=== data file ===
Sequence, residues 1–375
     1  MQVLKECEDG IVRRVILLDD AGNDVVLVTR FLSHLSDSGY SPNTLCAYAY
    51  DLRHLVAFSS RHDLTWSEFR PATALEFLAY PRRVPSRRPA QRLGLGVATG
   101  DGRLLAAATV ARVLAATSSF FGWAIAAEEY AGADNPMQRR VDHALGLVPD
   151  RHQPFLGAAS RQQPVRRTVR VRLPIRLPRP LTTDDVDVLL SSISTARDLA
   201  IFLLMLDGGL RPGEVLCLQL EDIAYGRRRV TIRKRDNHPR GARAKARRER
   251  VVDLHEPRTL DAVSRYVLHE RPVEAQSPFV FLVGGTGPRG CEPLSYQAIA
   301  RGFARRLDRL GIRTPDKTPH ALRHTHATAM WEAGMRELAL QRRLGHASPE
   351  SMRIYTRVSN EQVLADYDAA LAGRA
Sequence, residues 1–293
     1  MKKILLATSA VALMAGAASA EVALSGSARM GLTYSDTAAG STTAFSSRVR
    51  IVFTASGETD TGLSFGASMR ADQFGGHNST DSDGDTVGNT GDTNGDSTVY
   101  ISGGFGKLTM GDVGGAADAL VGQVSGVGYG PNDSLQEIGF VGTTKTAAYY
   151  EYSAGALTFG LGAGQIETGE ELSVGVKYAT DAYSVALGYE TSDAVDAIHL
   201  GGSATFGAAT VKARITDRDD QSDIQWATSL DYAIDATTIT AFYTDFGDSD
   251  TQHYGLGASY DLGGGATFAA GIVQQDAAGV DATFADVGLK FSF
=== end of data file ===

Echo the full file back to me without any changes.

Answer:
Sequence, residues 1–375
     1  MQVLKECEDG IVRRVILLDD AGNDVVLVTR FLSHLSDSGY SPNTLCAYAY
    51  DLRHLVAFSS RHDLTWSEFR PATALEFLAY PRRVPSRRPA QRLGLGVATG
   101  DGRLLAAATV ARVLAATSSF FGWAIAAEEY AGADNPMQRR VDHALGLVPD
   151  RHQPFLGAAS RQQPVRRTVR VRLPIRLPRP LTTDDVDVLL SSISTARDLA
   201  IFLLMLDGGL RPGEVLCLQL EDIAYGRRRV TIRKRDNHPR GARAKARRER
   251  VVDLHEPRTL DAVSRYVLHE RPVEAQSPFV FLVGGTGPRG CEPLSYQAIA
   301  RGFARRLDRL GIRTPDKTPH ALRHTHATAM WEAGMRELAL QRRLGHASPE
   351  SMRIYTRVSN EQVLADYDAA LAGRA
Sequence, residues 1–293
     1  MKKILLATSA VALMAGAASA EVALSGSARM GLTYSDTAAG STTAFSSRVR
    51  IVFTASGETD TGLSFGASMR ADQFGGHNST DSDGDTVGNT GDTNGDSTVY
   101  ISGGFGKLTM GDVGGAADAL VGQVSGVGYG PNDSLQEIGF VGTTKTAAYY
   151  EYSAGALTFG LGAGQIETGE ELSVGVKYAT DAYSVALGYE TSDAVDAIHL
   201  GGSATFGAAT VKARITDRDD QSDIQWATSL DYAIDATTIT AFYTDFGDSD
   251  TQHYGLGASY DLGGGATFAA GIVQQDAAGV DATFADVGLK FSF